Your pregnancy and baby guide
Your baby's weight and height
Open all pages about Your pregnancy and baby guide
- Secrets to success
- Am I pregnant?
- Early days
- Week by week
- Preparing for the birth
- Work out your due date
- Tests scans and checks
- Your pregnancy (antenatal) care
- Your health and wellbeing
- Existing health problems
- Common pregnancy ailments
- Pregnancy-induced conditions
Labour and birth
- The start of labour
- The birth
- Emotions and worries
- Premature babies
- How to breastfeed
- Breastfeeding problems
- Lifestyle and breastfeeding
- Bottle feeding
- Newborn screening tests
- Newborn essentials
- New parents
- New mums
- Twins and multiples
Babies and toddlers
- Weaning and solid foods
- Baby health and care
- Spotting signs of serious illness
- Reflux in babies
- How to take a baby's temperature
- Reducing the risk of SIDS
- Treating a high temperature
- Sleep problems in children
- Coughs, colds and ear infections
- Diarrhoea and vomiting
- Infectious illnesses
- Children's medicines
- Looking after a sick child
- Serious conditions and special needs
- Constipation in young children
- Your baby's height and weight
- Baby health and development reviews
- Leg and foot problems in children
- Learning, play and behaviour
- Safety and accidents
Steady weight gain is one of the signs that your baby is healthy and feeding well.
It's normal for babies to lose some weight in the first few days after birth.
Your baby will be weighed during their first 2 weeks to make sure they're regaining their birthweight. Most babies are at, or above, their birthweight by 2 weeks.
A midwife or health visitor will support you if your baby loses a large amount of weight or does not regain their birthweight by 2 weeks.
They'll talk to you about how feeding is going, possibly ask to observe a feed if you're breastfeeding, and look at your baby's health in general.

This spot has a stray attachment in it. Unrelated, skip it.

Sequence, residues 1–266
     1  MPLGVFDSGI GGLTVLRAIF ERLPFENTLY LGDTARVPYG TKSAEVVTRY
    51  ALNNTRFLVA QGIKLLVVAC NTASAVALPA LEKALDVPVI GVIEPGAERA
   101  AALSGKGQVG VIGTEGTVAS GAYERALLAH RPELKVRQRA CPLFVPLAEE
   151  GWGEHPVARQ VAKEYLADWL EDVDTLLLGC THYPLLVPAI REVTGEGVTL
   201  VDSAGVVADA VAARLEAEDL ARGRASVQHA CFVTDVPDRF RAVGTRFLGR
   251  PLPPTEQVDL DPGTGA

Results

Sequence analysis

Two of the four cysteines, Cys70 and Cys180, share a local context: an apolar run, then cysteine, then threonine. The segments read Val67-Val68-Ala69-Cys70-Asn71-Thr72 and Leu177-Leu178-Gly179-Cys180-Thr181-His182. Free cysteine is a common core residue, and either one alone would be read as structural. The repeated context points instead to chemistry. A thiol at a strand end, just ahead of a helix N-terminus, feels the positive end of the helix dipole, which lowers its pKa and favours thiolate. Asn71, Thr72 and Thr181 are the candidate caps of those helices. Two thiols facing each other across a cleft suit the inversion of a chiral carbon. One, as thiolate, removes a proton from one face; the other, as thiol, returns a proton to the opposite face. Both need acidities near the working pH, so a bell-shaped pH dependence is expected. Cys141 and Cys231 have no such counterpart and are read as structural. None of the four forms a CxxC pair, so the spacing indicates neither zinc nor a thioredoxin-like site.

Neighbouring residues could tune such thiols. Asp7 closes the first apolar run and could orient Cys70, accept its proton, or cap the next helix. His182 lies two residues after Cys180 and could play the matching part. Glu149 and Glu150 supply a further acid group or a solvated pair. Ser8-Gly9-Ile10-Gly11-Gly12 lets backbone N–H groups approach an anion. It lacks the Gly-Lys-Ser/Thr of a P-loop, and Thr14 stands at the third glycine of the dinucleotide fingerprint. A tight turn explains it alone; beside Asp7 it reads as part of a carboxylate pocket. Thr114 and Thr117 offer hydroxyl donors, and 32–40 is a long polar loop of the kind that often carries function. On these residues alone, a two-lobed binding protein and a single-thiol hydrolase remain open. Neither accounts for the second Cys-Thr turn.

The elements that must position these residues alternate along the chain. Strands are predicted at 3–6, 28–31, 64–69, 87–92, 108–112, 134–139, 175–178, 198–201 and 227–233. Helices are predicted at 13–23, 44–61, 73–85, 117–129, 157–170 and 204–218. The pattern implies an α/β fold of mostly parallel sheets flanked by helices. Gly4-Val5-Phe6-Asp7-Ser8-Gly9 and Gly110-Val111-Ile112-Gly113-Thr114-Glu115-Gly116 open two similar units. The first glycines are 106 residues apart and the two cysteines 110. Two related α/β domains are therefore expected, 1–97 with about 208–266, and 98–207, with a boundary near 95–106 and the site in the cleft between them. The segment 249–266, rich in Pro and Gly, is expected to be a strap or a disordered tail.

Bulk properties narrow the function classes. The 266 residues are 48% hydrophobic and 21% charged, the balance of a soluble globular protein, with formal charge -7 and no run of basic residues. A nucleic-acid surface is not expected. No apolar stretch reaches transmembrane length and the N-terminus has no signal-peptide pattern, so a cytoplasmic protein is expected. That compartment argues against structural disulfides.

How often should my baby be weighed?
After the first 2 weeks, your baby should be weighed:
- no more than once a month up to 6 months of age
- no more than once every 2 months from 6 to 12 months of age
- no more than once every 3 months over the age of 1
Your baby will usually only be weighed more often than this if you ask for it or if there are concerns about their health or growth.
You can go your local baby clinic to see a health visitor at any time. There's no need to wait until your baby needs to be weighed.
Your baby's length may also be measured at some of their developmental reviews.
Understanding your baby's weight chart
Your child's growth will be recorded on centile charts in their personal child health record (PCHR), or red book.
These charts show the pattern of growth healthy children usually follow, whether they're breastfed or formula fed, or having a mixture of both.
Visit the Royal College of Paediatrics and Child Health website to see some examples of baby weight charts.
Boys and girls have different charts because boys tend to be a little heavier and taller, and their growth pattern is slightly different.
What the centile lines mean
The curved lines on the charts are called centile lines. These show the average weight and height gain for babies of different ages.
Your baby's weight and height may not follow a centile line exactly. Their measurements may go up or down by 1 centile line, but it's less common for them to cross 2 centile lines. If this happens, talk to a health visitor, who can advise you.
It's normal for your baby to be on different centiles for weight and length, but the 2 are usually fairly similar.
All babies are different, and your baby's growth chart will not look exactly the same as another baby's, even their own brother or sister.
Your baby's weight gain
Usually your baby will gain weight most rapidly in the first 6 to 9 months. Their rate of growth will gradually slow down as they become a toddler and are more active.
If your baby or toddler is ill, their weight gain may slow down for a while. It will usually return to normal within 2 to 3 weeks.
Your toddler's weight and height
Your child's height after the age of 2 gives some indication of how tall they will be when they grow up. If you like, you can use the adult height predictor in your baby's red book to work it out.
Once your child gets to the age of 2, a health visitor may use their weight and height to calculate their body mass index (BMI) and plot it on a centile chart. This is a way of checking whether your child's weight is in the healthy range or not.
If they're overweight or underweight, a health visitor can give you advice about your child's diet and physical activity levels.
You can also use our BMI calculator to check your child's BMI (as long as they are 2 years old or over).
For more information about your baby or toddler's weight or height, talk to a health visitor or GP.
Page last reviewed: 04/10/2019
Next review due: 04/10/2022